Taiwan eyes memory chip bailout

Taiwanese government has responded to an ailing industry by offering loans, according to a variety of reports.

Taiwan will likely rescue, in some form, failing memory chipmakers, as that country's industry falls behind the rest of the world.

Newest DDR3 DRAM memory module
Newest DDR3 DRAM memory module Micron Technology

Recent reports depict an industry desperately seeking financial help. The Taiwanese government has responded by offering loans, according to a variety of reports.

(See also: Chip sales dip in October, flash sales dive .)

One report on Thursday said that Taiwan's economic affairs ministry has approved a rescue package. No specifics have been revealed, however.

At stake is Taiwan's dynamic random access memory (DRAM) industry. DRAM is the main memory used in personal computers.

Avi Cohen, managing partner at Avian Securities, which covers memory chip market movements, says "it's something (the government) will have to do if they want to keep all those people employed" at DRAM manufacturers in Taiwan.

And why is this happening? "The Taiwan DRAM industry is falling further and further behind in terms of cost and in terms of production volumes. They have the worst cost basis," Cohen said. "The guys that can produce DRAM on the newest equipment are the most competitive. And therefore can eke out a little profit. Everybody else loses money."

And the companies that lose money? Taiwan-based DRAM makers like Powerchip Semiconductor and ProMOS Technologies--which have been appealing to the government for immediate aid.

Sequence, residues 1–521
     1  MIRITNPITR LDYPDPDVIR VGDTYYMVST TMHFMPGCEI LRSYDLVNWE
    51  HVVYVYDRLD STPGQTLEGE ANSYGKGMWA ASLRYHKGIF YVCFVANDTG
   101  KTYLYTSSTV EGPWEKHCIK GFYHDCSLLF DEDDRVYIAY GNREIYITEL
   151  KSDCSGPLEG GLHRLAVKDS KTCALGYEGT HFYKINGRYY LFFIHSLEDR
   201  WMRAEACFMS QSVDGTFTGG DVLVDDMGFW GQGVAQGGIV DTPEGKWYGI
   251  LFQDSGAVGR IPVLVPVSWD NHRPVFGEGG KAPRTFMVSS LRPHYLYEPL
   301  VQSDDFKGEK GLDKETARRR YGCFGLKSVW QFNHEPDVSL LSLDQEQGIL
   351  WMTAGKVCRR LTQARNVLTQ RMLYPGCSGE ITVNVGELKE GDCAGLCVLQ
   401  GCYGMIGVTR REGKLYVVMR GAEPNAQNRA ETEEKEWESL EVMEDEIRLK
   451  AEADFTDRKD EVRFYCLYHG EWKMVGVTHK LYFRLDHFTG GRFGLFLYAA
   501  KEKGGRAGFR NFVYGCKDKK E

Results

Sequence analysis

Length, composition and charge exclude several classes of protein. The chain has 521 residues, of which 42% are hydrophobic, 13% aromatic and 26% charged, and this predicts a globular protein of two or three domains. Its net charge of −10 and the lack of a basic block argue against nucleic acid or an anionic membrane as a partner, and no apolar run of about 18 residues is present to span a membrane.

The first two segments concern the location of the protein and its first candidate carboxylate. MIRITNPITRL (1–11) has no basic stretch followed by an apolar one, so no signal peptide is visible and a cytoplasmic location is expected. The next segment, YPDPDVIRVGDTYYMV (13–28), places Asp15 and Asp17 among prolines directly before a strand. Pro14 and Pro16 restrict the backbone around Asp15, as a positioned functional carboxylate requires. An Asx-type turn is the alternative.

The winners (in relative terms since all companies are facing challenges) are companies such as South Korea-based Samsung and U.S.-based Micron Technology. Both Samsung and Micron are comparatively aggressive about moving to next-generation manufacturing process technologies to keep the cost per megabit of memory produced down.

But rescuing the companies will not necessarily be a good thing for the market. "The overproduction that exists in DRAM and all of memory for that matter will likely continue. If you want this market to get some semblance of sanity and reasonableness, you may want to see players go out of business."

About the author

Brooke Crothers writes about mobile computer systems, including laptops, tablets, smartphones: how they define the computing experience and the hardware that makes them tick. He has served as an editor at large at CNET News and a contributing reporter to The New York Times' Bits and Technology sections. His interest in things small began when living in Tokyo in a very small apartment for a very long time.

 

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